PERSPECTIVES Vol.1, No. 5, May 2011
May 2011, Vol.1, No. 5
PERSPECTIVES from the Canadian Forces Grievance Board
I am pleased to present this fifth edition of Perspectives, the Canadian Forces Grievance Board's newsletter intended for senior management in the Canadian Forces.
In this issue, the Board discusses the need to update the Home Equity Allowance program given the significant changes in the real estate market in the last ten years; there is also a concern as to how applications for reimbursement of home equity have been dealt with in the Canadian Forces. These issues came to the Board's attention while reviewing several grievances from Canadian Forces members who suffered severe financial losses when, on posting, they were obliged to sell their residences for much less than they had paid to acquire them.
Also in this issue, the Board examines section 29 of the National Defence Act, which addresses the right to grieve, and cautions against an erroneous interpretation of paragraph 29(2)(c) which may result in restricting the right of Canadian Forces members to grieve many compensation and benefits issues.
Perspectives' intent is to raise decision-makers' awareness of broader issues and trends which come to the Board's attention during the review of individual grievances. In this regard, I would like to share with you some positive feedback we received from the Chief Military Personnel. In a recent letter to the Board, Rear-Admiral Andrew Smith described Perspectives as "an important component of the evaluation of military personnel policies and their application and a valuable tool in helping keep military personnel management responsive and effective." We are happy to hear that, through Perspectives, decision-makers and other stakeholders are benefiting from the valuable information the Board accumulates from its review of grievances.
We hope you will find this latest edition of Perspectives as useful and informative as the previous editions which are all available on our Web site (www.cfgb.gc.ca). We also look forward to your feedback: firstname.lastname@example.org; 613-996-8529; Toll free: 1-877-276-4193.
About the Board
The Canadian Forces Grievance Board is a federal agency external to the Department of National Defence and the Canadian Forces (CF). The Board reviews military grievances referred to it by the Chief of the Defence Staff (CDS) and issues findings and recommendations to the CDS and the grievor in a fair and timely manner. In fulfilling its mandate, the Board strengthens confidence in, and adds to, the fairness and transparency of the CF grievance process.
Home Equity Allowance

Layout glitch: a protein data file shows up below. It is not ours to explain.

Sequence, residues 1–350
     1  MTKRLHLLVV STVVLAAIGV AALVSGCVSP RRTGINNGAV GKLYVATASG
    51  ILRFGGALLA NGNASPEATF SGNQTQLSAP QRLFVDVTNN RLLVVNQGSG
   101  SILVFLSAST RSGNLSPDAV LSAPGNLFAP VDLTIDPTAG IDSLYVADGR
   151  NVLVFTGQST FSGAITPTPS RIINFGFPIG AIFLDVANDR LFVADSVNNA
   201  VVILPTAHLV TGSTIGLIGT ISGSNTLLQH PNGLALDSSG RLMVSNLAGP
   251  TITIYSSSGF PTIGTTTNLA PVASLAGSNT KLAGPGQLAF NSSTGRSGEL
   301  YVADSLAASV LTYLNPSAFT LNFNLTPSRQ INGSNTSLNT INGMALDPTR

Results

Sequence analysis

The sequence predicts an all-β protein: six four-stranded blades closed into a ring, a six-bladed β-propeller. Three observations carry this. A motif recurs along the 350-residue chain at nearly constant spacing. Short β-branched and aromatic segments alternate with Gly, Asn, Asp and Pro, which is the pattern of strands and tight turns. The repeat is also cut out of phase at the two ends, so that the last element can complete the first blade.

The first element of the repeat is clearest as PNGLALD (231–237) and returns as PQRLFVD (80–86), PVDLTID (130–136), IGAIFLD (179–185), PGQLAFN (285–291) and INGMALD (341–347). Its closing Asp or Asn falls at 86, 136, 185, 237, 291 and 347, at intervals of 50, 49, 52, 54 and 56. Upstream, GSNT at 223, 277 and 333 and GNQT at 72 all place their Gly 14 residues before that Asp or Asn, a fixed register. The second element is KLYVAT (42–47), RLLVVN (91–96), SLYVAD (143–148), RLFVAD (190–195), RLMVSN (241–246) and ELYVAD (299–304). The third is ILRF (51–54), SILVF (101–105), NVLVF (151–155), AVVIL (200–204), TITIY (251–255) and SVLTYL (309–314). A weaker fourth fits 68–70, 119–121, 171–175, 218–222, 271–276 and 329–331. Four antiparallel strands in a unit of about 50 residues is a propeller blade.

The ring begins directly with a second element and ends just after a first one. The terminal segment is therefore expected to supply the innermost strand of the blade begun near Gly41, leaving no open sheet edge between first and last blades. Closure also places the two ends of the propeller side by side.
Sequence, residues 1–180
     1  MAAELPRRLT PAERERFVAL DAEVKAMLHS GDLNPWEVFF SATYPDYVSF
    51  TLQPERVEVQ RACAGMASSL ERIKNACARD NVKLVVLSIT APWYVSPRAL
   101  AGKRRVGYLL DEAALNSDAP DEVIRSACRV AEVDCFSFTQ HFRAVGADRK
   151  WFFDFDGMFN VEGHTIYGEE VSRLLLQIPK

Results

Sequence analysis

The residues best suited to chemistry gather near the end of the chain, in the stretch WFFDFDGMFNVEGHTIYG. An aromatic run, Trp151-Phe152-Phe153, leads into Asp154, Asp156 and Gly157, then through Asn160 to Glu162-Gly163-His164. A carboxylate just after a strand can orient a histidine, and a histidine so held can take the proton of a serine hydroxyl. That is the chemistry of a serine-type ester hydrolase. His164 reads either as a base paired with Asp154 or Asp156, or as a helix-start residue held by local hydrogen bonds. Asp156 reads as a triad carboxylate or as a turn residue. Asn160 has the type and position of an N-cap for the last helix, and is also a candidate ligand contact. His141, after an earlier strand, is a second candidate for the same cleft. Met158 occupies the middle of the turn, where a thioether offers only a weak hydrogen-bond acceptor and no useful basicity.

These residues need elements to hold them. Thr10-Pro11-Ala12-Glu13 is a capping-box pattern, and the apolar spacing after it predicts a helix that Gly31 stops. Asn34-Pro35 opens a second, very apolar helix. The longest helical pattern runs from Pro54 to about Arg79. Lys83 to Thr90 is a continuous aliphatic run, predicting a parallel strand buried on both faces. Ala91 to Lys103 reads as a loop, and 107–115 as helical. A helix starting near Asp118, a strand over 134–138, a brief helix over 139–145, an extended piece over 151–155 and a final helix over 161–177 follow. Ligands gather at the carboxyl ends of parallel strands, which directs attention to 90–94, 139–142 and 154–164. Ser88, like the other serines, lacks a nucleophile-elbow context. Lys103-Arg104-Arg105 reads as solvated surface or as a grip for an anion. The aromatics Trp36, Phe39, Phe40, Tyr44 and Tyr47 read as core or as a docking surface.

In the last year, the Board has reviewed four grievances from Canadian Forces (CF) members who had suffered very significant financial losses when they were posted and sold their residences for much less than they had paid to acquire them. The grievors had all applied for relief under the Home Equity Allowance (HEA) program. In the three cases completed to date, the Board was critical of the program but, as explained further below, could only recommend relief in one case which, according to the Board, met the eligibility criteria for HEA in a "depressed market." The Chief of the Defence Staff (CDS), as Final Authority (FA), recognized the damage done to the grievors but had to acknowledge that his authority in providing redress was limited by the policy.
The number of grievances may seem insignificant, but three factors combine to make HEA worthy of examination and comment. The first is the severity of the losses suffered by the grievors; the second is the inability of the CF to provide relief; and the third is the prospect of further similar grievances due to the current trends in the real estate market.
HEA is part of an overall relocation policy intended to move CF members efficiently and with minimum disruption but at a reasonable cost to the public. This allowance has been in place for well over ten years, although its governing parameters and process changed significantly with the introduction of the CF Integrated Relocation Program (CFIRP). The present HEA program provides compensation to a CF member who suffers a loss on the sale of a residence. In most cases, the maximum compensation is $15,000, unless the Treasury Board Secretariat (TBS) makes a determination that the sale occurred in a "depressed market" – a designation for a "community" in which the housing market has dropped more than 20% since purchase. Where such a designation is made, the member may be compensated for 100% of the loss.
Significantly, the key numbers – $15,000 maximum compensation and 20% drop in a given housing market to make it "depressed" – have not changed in ten years. Over the same period, average house prices in Canada have more than doubled. This means that the potential loss suffered by a CF member before the "depressed market" designation is engaged has significantly increased. Further, Treasury Board (TB) apparently takes the position that "community" means a broad metropolitan area as a whole, not a smaller area which may be subject to significant local influences on market prices.